Originally published July 23, 2009
When it gets right down to it, there are a lot of perspectives on quality of data in a data warehouse. There is one perspective that says that data should be corrected whenever it can be corrected before it is ever entered into a data warehouse. When a value is found to be incorrect, the data should be amended if at all possible before it is placed in a data warehouse. We probably have data quality pioneer Larry English to thank for this perspective. But there are other schools of thought. There is another school of thought that holds that data should not be corrected before entry into a data warehouse, even when it is known that the data is incorrect. We probably have Geoff Holloway to thank for this perspective.
Now these are two very different approaches to the same problem. So who is right and who is wrong? It turns out that they are both right. You just have to supply the proper context to tell the difference between the two different perspectives.
In general, if data is known to be incorrect and if there is a known way to correct – to “fix” – the data, then it makes sense to correct the data if you can. Larry English is correct in this general case hypothesis. It simply does not make sense to place incorrect data into a data warehouse if it is possible not to.
But is it true that data should always be corrected before entry into the data warehouse? It turns out that there are quite a few circumstances when data should not or cannot be corrected prior to entry into the data warehouse. For example, suppose that upon finding some incorrect data, there is no known way to correct the data. The best you can do is to put a default value into the field that is known to be incorrect. But that really isn’t correcting the data. Or suppose that you want to provide a clerk with the best information possible in order to figure out how to actually make a correction. Geoff Holloway makes the point that keeping incorrect data even when it is known to be incorrect often provides valuable clues as to how data needs to be corrected. When the incorrect data is thrown away, no such clues exist. Or, there is the case where there is a legal reason to keep incorrect data. Take loan applications. Suppose that a home loan application is made for a billion dollars. Even though no bank or lending institution makes loans of this amount for a home and even though everyone – including the applicant – knows that this value is a mistake, there is a legal obligation to leave the loan application untouched even when it is known that the application contains incorrect or faulty data. Only the originator of the loan application can correct the data, and even then the correction is made by filing a new application, not by reentering the old application.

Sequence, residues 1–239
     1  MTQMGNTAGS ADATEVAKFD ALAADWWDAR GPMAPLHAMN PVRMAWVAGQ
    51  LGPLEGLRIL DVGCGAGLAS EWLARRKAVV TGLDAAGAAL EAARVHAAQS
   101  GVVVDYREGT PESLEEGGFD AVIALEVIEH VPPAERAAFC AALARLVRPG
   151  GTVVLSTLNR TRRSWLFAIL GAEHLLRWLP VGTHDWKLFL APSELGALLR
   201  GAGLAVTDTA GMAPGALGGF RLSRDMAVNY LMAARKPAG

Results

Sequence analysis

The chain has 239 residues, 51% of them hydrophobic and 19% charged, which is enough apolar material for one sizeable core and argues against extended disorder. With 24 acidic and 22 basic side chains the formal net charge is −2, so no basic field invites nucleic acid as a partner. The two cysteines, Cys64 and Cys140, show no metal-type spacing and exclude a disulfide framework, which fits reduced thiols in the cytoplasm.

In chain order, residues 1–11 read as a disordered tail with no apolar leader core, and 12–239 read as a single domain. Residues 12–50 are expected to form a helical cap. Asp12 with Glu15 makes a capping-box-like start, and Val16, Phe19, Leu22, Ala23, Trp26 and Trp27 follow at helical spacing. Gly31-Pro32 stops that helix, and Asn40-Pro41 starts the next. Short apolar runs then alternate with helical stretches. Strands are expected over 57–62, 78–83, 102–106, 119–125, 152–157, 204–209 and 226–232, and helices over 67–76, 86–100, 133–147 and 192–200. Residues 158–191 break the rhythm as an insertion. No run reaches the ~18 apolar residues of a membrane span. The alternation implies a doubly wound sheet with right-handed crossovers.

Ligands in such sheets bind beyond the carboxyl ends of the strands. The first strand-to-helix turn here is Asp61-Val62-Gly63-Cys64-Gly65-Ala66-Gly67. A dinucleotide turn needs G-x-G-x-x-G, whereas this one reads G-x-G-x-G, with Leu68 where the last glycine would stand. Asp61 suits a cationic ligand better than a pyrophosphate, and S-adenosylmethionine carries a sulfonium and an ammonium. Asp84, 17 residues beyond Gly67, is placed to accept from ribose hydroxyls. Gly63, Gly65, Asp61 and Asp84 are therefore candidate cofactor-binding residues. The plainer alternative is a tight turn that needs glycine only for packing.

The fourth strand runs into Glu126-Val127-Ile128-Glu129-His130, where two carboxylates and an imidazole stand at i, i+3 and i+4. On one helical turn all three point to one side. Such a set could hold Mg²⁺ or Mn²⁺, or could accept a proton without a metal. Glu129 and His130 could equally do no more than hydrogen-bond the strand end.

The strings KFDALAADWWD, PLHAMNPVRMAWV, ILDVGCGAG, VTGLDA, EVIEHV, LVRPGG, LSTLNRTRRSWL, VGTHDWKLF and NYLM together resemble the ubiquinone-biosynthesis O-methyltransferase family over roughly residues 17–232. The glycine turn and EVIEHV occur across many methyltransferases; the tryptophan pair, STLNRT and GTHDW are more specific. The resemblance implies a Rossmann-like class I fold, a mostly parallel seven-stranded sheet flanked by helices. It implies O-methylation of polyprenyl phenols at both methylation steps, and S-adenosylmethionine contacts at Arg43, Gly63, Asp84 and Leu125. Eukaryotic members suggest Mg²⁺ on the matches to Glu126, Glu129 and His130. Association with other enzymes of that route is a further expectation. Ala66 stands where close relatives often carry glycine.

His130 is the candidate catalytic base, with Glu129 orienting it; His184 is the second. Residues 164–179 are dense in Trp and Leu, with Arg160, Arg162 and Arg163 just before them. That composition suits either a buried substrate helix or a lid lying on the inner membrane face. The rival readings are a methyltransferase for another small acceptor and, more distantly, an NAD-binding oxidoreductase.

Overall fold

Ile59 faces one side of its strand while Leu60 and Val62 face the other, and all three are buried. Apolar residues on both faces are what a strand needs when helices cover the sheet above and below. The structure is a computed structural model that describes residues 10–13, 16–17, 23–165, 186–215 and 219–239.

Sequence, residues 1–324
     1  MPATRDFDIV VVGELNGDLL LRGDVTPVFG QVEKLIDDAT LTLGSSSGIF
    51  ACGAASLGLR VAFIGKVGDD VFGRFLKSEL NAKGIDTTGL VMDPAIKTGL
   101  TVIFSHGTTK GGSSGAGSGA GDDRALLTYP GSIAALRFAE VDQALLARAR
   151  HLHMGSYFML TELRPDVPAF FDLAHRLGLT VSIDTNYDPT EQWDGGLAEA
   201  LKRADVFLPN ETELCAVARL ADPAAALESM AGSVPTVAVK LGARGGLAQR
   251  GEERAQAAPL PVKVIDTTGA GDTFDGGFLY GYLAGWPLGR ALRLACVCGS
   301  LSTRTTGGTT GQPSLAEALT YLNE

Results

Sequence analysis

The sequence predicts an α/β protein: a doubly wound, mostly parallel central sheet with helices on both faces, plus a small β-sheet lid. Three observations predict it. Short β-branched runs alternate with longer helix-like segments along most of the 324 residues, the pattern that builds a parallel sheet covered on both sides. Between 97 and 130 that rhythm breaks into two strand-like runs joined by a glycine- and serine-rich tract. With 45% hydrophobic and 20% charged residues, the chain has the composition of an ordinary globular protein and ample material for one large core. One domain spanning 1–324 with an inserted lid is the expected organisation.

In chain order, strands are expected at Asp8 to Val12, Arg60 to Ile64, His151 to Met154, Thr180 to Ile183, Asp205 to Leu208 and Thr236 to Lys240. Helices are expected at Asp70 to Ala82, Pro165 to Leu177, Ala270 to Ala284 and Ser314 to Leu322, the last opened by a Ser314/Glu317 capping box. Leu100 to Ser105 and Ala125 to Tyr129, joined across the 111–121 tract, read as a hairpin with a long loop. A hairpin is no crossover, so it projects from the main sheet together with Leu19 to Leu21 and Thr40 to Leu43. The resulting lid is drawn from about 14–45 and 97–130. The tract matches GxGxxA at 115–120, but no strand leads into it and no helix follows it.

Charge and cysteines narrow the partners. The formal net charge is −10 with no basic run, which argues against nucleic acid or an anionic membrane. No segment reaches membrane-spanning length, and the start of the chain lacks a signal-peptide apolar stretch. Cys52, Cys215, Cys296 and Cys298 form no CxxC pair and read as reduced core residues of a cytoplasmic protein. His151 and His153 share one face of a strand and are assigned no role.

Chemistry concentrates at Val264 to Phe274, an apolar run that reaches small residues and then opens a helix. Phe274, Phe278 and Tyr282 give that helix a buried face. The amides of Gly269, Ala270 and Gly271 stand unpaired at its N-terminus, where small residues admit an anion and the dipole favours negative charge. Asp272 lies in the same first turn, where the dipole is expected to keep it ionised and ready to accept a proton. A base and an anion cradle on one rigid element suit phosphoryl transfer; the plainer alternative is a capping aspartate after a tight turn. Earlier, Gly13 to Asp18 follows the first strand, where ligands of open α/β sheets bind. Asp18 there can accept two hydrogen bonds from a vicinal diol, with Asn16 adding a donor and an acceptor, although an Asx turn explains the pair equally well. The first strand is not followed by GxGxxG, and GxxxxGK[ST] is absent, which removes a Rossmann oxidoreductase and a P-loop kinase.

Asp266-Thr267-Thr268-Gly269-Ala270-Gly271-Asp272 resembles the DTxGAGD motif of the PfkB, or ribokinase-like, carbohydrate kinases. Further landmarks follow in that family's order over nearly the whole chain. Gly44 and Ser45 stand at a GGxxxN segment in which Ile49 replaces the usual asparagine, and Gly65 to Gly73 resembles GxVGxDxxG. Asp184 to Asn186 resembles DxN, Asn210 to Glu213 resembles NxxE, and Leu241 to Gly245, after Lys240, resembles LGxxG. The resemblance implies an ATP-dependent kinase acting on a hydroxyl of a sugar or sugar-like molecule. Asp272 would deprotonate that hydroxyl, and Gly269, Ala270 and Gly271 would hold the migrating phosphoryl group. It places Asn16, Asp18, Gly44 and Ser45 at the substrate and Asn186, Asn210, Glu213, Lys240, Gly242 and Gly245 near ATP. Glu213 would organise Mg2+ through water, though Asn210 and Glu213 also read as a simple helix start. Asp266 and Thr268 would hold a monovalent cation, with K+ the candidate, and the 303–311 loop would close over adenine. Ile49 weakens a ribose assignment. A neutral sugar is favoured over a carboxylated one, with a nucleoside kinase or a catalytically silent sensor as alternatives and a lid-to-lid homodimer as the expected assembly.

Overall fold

There are then very legitimate circumstances where incorrect data is best left in the database or data warehouse. Stated differently, there is no circumstance where correcting data or not correcting data is the right thing to do. In order to determine which approach is proper, the context of the corrections has to be known. Only then can it be determined whether correcting errors is the proper thing to do.
But there are other perspectives.
Another perspective is questioning whether or not exactness and complete accuracy matter in a data warehouse? Is it possible to have some degree of inaccuracy in a data warehouse? The answer is that while accuracy is certainly desirable and is certainly important, complete accuracy should not be needed in a data warehouse. Consider the following context – a manager wishes to find out how much monthly revenue was across the United States for a product. The answer comes back that there was total monthly sales of $12,076,917. Now it turns out that there was a sale in Oklahoma that was for $102 that was incorrectly recorded as a sale of $10.20. On the one hand, it is true that the information in the data warehouse is not perfectly accurate. On the other hand does it matter? If there was an error of $90 out of a total of $12,000,000, is the error going to influence any decision negatively? The answer is absolutely not.
But if it turns out that all sales in New Mexico, Arizona, Colorado and Utah have been recorded improperly, and if it turns out that there was a differential of $500,000 out of $12,000,000, then there is every likelihood that this kind of error will in fact make a difference to any decision made from the calculation. Accuracy then is a relative issue in the face of the kinds of decisions being made with data from a data warehouse.
Because data in the data warehouse is used in summary, there is some tolerance for error. Of course, the tolerance for error may be small. But there is nevertheless a tolerance for error.
It is only at the individual record or account level that there is no tolerance for error. It is when a system keeps track of individual records – checks, deposits, ATM activities and the like that there is no tolerance for error.
So the notion of data quality takes some surprising twists when viewed in the context of data warehousing and decision support processing.
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